According to ECDC, several countries affected by the COVID-19 pandemic recently reported cases of children that were hospitalised in intensive care due to a rare paediatric inflammatory multisystem syndrome (PIMS). The presenting signs and symptoms are a mix of the ones for Kawasaki disease (KD) and toxic shock syndrome (TSS) and are characterised, among others, by fever, abdominal pain and cardiac involvement. A possible temporal association with SARS-COV-2 infection has been hypothesised because some of the children that were tested for SARS-CoV-2 infection were either positive by polymerase chain reaction (PCR) or serology.
The ECDC noted that about 230 suspected cases of this new paediatric inflammatory multisystem syndrome temporally associated with SARS-CoV-2 infection (PIMS-TS) have been reported in EU/EEA countries and the UK in 2020, including two fatalities- one in the UK and one in France. These cases are being further investigated.
“So far, epidemiological studies have shown that children appear to be less affected by COVID-19. Only 2.1% of all laboratory-confirmed COVID-19 cases reported to The European Surveillance System (TESSy) were in the age group between 0 and 14 years of age”, the agency stated.
The ECDC also added that an association between SARS-CoV-2 infection and this new clinical entity of multisystem inflammation has not yet been established to date, although an association appears plausible. The ECDC assessed the risks as follows:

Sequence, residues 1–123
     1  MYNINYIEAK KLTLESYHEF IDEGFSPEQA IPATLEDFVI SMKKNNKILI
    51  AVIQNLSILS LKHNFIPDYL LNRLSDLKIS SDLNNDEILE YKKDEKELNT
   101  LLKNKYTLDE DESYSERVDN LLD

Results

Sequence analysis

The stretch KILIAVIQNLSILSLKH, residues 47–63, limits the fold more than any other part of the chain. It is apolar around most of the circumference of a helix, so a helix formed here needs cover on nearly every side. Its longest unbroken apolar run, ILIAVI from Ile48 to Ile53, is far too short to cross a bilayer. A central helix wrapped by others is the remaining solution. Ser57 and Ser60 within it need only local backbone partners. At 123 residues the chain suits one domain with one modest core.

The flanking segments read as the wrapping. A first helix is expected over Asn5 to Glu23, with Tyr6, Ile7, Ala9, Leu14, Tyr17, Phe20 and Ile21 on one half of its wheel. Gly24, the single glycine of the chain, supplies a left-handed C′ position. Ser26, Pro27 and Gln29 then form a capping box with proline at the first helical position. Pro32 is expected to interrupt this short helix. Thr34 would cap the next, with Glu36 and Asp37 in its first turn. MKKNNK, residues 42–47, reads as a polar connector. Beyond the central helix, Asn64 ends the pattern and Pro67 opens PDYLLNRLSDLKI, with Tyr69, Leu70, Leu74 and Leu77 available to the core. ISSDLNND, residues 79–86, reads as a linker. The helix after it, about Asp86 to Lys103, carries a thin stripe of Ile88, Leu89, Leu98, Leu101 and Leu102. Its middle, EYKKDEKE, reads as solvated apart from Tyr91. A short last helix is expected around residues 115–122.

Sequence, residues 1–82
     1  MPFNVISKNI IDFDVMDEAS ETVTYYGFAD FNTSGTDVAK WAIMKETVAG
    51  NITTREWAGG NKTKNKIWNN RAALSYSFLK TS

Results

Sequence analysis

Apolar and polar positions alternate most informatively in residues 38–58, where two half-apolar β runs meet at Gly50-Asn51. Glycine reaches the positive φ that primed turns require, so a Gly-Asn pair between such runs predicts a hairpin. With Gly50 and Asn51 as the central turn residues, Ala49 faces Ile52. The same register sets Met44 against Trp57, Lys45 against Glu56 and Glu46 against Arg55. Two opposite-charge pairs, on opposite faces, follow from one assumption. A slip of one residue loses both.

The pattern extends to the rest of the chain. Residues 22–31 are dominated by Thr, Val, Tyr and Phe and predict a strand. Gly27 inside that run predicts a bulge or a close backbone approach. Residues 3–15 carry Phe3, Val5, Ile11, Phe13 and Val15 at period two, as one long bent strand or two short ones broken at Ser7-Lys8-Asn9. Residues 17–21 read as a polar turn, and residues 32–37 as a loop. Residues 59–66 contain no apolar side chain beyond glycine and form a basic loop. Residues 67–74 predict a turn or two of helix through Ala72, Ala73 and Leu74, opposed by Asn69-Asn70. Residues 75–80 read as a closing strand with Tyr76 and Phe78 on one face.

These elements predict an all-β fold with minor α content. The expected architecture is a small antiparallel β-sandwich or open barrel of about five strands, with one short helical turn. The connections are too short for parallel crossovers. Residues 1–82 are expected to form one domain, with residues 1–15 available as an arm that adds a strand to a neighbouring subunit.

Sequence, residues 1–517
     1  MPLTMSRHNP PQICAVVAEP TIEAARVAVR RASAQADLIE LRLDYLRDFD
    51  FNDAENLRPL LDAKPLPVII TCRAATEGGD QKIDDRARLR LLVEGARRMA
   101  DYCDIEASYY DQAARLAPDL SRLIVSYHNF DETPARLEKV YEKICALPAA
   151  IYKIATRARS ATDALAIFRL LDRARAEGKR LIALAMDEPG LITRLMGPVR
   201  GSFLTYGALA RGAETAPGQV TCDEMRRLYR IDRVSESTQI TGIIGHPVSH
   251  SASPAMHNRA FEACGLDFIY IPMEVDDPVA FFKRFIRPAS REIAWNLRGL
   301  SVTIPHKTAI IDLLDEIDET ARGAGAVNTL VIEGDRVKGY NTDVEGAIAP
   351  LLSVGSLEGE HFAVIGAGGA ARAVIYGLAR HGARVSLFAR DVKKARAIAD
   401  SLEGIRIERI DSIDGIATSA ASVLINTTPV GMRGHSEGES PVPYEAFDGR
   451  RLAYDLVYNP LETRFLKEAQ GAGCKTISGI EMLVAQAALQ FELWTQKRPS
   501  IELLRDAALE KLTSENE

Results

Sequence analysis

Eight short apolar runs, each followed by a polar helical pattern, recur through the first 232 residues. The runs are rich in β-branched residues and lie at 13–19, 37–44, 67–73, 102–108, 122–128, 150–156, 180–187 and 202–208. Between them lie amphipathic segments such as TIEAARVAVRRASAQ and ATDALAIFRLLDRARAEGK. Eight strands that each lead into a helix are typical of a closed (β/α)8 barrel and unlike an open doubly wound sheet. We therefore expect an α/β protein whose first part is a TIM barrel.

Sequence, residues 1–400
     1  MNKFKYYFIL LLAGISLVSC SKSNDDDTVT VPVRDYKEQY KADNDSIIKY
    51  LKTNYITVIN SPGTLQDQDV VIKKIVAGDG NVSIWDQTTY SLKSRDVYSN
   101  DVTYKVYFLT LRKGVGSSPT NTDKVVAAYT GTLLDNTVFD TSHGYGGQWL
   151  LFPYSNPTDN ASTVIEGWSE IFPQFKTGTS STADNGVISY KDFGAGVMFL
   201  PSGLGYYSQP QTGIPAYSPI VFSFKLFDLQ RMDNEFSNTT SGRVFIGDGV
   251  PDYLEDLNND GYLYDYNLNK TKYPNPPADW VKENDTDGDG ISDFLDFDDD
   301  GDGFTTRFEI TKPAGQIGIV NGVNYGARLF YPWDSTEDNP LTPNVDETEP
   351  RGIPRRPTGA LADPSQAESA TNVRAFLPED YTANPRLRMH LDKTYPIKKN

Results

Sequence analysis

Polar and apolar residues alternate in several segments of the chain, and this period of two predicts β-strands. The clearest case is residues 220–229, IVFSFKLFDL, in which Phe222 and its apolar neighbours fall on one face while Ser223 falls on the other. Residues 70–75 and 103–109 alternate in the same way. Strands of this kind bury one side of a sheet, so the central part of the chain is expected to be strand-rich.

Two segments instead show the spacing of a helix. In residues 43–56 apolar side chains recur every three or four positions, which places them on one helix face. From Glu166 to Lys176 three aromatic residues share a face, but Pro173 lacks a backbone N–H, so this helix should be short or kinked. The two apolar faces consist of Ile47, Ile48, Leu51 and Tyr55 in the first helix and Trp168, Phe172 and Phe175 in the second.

The overall risk of COVID-19 in children in the EU/EEA and UK is currently considered low, based on a low probability of COVID-19 in children and a moderate impact of such disease.
The overall risk of PIMS-TS in children in the EU/EEA and the UK – is considered low, based on a very low probability of PIMS-TS in children and a high impact of such disease.
“While the clinical management of these children has absolute priority, data collection from EU/EEA Member States and the UK would strengthen the body of knowledge for this rare condition and allow for a better analysis of these cases. An analysis of surveillance data could clarify the incidence of KD/PIMS and identify the most affected age groups and risk factors for both conditions”, the ECDC noted.
ECDC has agreed with the EU/EAA Member States and the UK to include PIMS as a possible complication to be reported for EU-level COVID-19 surveillance. According to the agency, research efforts should aim at determining the role of SARS-CoV-2 in the pathogenesis of PIMS-TS and answering other significant remaining questions.